And the reason she said “Lets never come back” isn’t because the mystery is gone. Take the context in which she said it. She was having a terrible time and the only thing that cheered her up was Bill’s character, and she knew that if she ever did come back, the likely hood of him being there was slim.

  9. December 14th, 2009 | 6:11 am

    […] Cynthia has her own reasons for hating Scarlett Johansson, and the characters she represents: 1) Whitey in Japan thinks whitey’s ways are right, Japan’s ways are crayzeee… come on people, there are ways to register difference, even radical difference, with more respect. Buffooning the Japanese in their own country is ignorant and prissy rich-white-egomania. Watch Sans Soleil to see how it’s done right. […]

  10. mark
    February 19th, 2010 | 4:16 am

    Interesting. Scarlett Johansson was on Letterman show and I imdb’d her, found out she is married to Ryan Reynolds. I’m happy for them. I think Bill Murray dissed her on the set of Lost in Translation, but I can’t find a link on the web about it. As I recall, the movie was indeed anti-Japanese and very white-Euro-ethnocentric. The characters aren’t even interested in knowing about their host country or celebrating it. That’s not just an intellectual error/taboo, but a serious cinematic faux paux. But since movies increasingly do that, as in Borat, I don’t look to movies anymore for genuine anthropological work. Scarlett sure has gotten around! Great ass. The ass shot probably just points to an attempt to make her character the slutty traveling tramp type, I guess. In Japan, I hear they treat blondes very deferentially, almost like another species to be honored. The clip also seems to say “Not only is she beautiful, but she’s slutty too.”

  11. Soran
    September 8th, 2011 | 3:41 am

    I love u

  12. carl
    September 25th, 2011 | 12:53 pm

    the strip club in japan was gratuitious nudity, but the movie is also about the eurocentric culture changing japanese culture, ex, the pornography on the train etc, seems to go hand in hand with the overall eruocentric and misognystic feeling the film has; in the end, scarlett saves the film both from it being a film that exploits japan or puts the handcuffs of misogyny on women. There are many scenes in which she appreciates the Japanese culture. Charlotte may find comfort with bob, but the comfort is merely a cold insight into the tough decisions she will have to make as she is informed of the intriguing world of powerful men. Literally, each step of the way, the movie captures many of the scenes of Charlotte’s journey to her heart with artistry. In the end, we don’t know which way she will go with her heart, we do know what she won’t be doing with it though.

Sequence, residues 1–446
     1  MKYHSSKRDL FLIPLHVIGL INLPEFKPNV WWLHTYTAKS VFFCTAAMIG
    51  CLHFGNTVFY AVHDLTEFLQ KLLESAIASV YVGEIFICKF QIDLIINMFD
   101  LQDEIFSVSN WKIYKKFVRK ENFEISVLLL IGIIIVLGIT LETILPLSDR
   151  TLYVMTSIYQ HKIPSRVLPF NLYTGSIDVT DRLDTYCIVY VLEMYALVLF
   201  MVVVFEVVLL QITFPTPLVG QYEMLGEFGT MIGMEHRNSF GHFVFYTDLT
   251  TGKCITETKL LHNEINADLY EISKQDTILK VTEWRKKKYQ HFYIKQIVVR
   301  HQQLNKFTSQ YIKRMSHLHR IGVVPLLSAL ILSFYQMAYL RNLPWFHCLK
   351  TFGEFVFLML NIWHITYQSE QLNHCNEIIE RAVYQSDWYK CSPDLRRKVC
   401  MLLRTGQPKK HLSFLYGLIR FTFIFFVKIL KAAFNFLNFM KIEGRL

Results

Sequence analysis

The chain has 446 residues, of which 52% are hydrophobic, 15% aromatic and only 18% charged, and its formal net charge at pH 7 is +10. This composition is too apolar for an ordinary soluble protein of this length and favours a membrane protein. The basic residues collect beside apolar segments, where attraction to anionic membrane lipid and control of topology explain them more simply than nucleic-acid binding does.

13. carl
    September 25th, 2011 | 1:00 pm

    my only complaint is they should’ve had a japanese guy singing are you going to scrarbourough hill in the cocktail lounge.

  14. erik kellerup
    January 10th, 2012 | 6:29 am

    as this is a site about LOST IN TRANSLATION, i cant get away with accusing some of you of being hypercritical. i would guess, though, that the people most upset about the opening scene have deeper issues. i loved the film, know that the US and JAPAN are two different places, and hope that i can someday go there.

  15. April 30th, 2012 | 2:00 am

    […] Quanto è scarsa Scarlett? Sarà per questo motivo che la riprendono il 90% delle volte a favore di culo? Ed è questo il motivo per cui il film è stato poi postprodotto in 3D? Esiste qualcuno al mondo […]

  16. December 9th, 2014 | 7:36 pm

    Then I hope her inspirations have her walking the fine-line edge much more in the future. It was a charming, sweet, and quirky little film!Kim P.